Victor Martinez: "PAPICHO"
James McCann: "McCANNON"
Daniel Norris: "D. NO"
Victor Reyes: "VIC"
Ronny Rodriguez: "EL FELINO"
Jacob Turner: "JET"
Drew VerHagen: "VERGY"
Alex Wilson: "WILLY"
Jordan Zimmermann: "J Z"

Detroit Tigers

Boyd's strong start helps Tigers claim series win

MLB.com @beckjason

DETROIT -- Matthew Boyd credits a talk with Hall of Famer Jack Morris on the Tigers' Winter Caravan with helping his aggressive approach to hitters. On the day the Tigers honored Morris by retiring his No. 47, Boyd tried to pay tribute with his performance.

"He probably doesn't like me going six," Boyd joked after his one-run outing in Sunday's 4-2 win over the Twins at Comerica Park.

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DETROIT -- Matthew Boyd credits a talk with Hall of Famer Jack Morris on the Tigers' Winter Caravan with helping his aggressive approach to hitters. On the day the Tigers honored Morris by retiring his No. 47, Boyd tried to pay tribute with his performance.

"He probably doesn't like me going six," Boyd joked after his one-run outing in Sunday's 4-2 win over the Twins at Comerica Park.

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He was kidding, he emphasized. Well, probably.

"I know Jack's yelling at me because I took him out after six," manager Ron Gardenhire said. "I wanted to do that just to irritate him on his day."

Morris, author of 175 complete games in his big league career, talked Sunday about slamming the ball in Sparky Anderson's hand when he came out with the hook for him. He talked with Boyd on Sunday morning, something pitchers don't often do on start days.

Morris might have at least been touched by the reaction Boyd gave when Gardenhire pulled him after six innings of one-run, two-hit ball.

"I can't even tell you what he told me," Gardenhire said. "It was great, one of the greatest lines ever. It was beautiful. That's exactly what you want as a manager. You want a guy to fight for staying out there."

He had a case. Minutes after Morris' pregame ceremony and the unveiling of his retired number on Comerica Park's brick wall, Boyd (7-10) took the mound with a quick first inning before Mitch Garver's triple just out of JaCoby Jones' reach set up a Johnny Field sacrifice fly in the second. Boyd retired 15 of his final 16 batters from there, including 13 in a row before Logan Forsythe drew a sixth-inning walk.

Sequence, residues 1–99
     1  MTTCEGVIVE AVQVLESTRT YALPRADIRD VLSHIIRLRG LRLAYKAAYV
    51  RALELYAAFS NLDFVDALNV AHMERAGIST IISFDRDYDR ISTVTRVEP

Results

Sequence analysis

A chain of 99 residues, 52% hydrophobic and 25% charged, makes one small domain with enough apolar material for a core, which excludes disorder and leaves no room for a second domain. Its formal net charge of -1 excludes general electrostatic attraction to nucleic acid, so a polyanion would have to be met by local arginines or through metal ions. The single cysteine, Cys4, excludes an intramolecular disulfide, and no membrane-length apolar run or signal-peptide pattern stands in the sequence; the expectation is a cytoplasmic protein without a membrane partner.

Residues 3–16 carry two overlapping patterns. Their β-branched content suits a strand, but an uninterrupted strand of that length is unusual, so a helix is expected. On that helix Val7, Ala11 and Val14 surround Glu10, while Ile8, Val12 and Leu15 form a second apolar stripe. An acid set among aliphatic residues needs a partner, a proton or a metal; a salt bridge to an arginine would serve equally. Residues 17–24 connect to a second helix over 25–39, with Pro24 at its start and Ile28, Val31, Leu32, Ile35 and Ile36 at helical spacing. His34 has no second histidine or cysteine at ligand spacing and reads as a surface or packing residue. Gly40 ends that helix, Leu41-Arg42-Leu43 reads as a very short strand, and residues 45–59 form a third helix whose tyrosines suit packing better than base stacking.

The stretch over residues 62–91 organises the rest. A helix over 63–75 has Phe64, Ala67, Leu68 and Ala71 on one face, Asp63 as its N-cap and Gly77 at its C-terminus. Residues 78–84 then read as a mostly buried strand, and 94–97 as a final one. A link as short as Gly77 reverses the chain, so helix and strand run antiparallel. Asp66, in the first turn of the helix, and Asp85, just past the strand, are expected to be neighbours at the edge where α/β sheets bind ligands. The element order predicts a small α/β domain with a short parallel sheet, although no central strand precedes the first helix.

Boyd kept it there, finishing the sixth at 88 pitches. He went into the seventh with the same count two starts ago against the Reds, finishing at 105 pitches over eight scoreless innings. At that point, Gardenhire said he'd rather give his bullpen a clean inning to work with than have them enter with a leadoff man on.

Boyd wasn't giving the details of what he said, either. But it fit into the Morris mindset he picked up during their talk in January.

"The biggest thing, the theme around everything was compete," Boyd explained. "You go out there and you take the ball and you compete every single pitch. You don't get pushed around. You don't get disrespected. You go out there and you put your team in a position to win every single time. You be that presence out there. That's what he was.

"It stuck with me. He was the ultimate competitor. That's why his plaque is now on the wall in Cooperstown. I'm just grateful for everything I learned from him."

That message was reinforced when they talked Sunday morning.

"Getting to talk to him before the game was really special," said Boyd, who has won three of his last four starts. "He told me he's going to get me in line every year. Every offseason, he's going to have to get me in line. I said I'm all ears for that."

Detroit's offense had similar frustrations against Twins starter Kohl Stewart in his Major League debut before stringing together four singles and a bases-loaded walk for a three-run fifth inning. Victor Martinez's sacrifice fly on an 0-2 pitch from lefty reliever Taylor Rogers provided a key run.